The U.S. Department of Commerce has had a rough job the last few years. Lately, it seems any news released by the government organization just serves to confirm what we already know: the economy stinks, the housing market is struggling and jobs are hard to find. Any news is bad news, it seems, and finding a silver lining is tougher than ever. Well, here’s one.
In announcing new residential construction statistics for October 2011 earlier this month, the Commerce Department revealed that although slightly fewer homes were started in October compared to September, though building permits – largely stimulated by a 30 percent rise in apartment permits – rose almost 11 percent last month. Apartment permits have also risen significantly in the past year, as more and more Americans choose renting over owning.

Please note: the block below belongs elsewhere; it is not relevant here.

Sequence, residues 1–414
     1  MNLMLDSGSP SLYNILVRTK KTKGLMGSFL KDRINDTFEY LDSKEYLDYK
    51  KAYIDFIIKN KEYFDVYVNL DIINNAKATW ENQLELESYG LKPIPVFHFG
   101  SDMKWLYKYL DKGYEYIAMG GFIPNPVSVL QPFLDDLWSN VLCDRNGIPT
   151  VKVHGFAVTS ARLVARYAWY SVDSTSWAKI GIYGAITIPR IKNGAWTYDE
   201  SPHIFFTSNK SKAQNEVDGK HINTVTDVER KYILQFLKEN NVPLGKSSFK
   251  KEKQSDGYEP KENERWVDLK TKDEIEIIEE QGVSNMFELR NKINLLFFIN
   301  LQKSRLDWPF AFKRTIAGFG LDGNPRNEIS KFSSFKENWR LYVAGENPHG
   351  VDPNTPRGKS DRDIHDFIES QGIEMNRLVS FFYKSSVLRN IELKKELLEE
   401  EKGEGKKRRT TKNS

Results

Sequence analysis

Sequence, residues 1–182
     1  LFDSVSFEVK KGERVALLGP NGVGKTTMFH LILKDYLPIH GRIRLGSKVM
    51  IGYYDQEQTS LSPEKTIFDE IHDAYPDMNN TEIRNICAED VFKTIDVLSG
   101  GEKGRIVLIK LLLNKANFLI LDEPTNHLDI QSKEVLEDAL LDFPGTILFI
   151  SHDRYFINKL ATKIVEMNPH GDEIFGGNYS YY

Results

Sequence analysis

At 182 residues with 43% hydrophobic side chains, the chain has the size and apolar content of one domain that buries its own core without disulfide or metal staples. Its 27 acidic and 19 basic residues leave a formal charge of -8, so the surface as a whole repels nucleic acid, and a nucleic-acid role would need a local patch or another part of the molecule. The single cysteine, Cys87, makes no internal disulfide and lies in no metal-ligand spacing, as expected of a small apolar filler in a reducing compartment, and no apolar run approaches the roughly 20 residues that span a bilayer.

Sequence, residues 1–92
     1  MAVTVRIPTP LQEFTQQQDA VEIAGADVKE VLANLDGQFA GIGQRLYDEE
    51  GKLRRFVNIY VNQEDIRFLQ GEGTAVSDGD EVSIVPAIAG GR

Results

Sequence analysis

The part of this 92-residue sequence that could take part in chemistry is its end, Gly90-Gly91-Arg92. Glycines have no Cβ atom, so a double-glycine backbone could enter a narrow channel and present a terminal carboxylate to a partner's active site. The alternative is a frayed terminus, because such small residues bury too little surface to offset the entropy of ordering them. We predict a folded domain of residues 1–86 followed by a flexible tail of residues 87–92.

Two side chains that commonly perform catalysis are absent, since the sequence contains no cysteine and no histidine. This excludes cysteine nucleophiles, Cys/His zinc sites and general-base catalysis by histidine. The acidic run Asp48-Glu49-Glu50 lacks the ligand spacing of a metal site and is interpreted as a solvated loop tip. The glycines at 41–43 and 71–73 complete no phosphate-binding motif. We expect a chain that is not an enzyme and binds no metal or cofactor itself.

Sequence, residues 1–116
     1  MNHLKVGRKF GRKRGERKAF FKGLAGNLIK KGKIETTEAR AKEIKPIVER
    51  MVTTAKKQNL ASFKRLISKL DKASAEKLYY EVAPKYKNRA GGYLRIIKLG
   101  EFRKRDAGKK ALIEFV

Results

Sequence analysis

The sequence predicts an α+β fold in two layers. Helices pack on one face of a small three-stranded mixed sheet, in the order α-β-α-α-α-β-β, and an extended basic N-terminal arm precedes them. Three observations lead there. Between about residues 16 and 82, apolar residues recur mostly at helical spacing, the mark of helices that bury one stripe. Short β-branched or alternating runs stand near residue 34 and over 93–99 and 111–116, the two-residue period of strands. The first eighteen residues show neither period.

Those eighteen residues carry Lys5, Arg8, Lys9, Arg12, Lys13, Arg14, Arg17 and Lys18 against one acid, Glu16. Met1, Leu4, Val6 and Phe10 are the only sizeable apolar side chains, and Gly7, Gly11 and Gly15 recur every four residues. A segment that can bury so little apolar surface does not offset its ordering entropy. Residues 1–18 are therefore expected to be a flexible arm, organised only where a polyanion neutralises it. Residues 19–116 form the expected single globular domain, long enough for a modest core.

US Housing Starts Down Slightly in October
Builders broke ground on a seasonally adjusted annual rate of 628,000 homes last month. That’s roughly half the 1.2 million that economists equate with a healthy housing market. But building permits, a gauge of future construction, rose nearly 11 percent. The increase was spurred by a 30 percent increase in apartment permits, which reached its highest level in three years. Over the past year, apartment permits have surged roughly 63 percent. Single-family permits have increased just 6.6 percent in that span. Renting has become a preferred option for many Americans who lost their jobs during the recession and were forced to leave their homes. The surge in apartments may help boost economic growth, but it has not been enough to offset the steep declines in single-family homebuilding.
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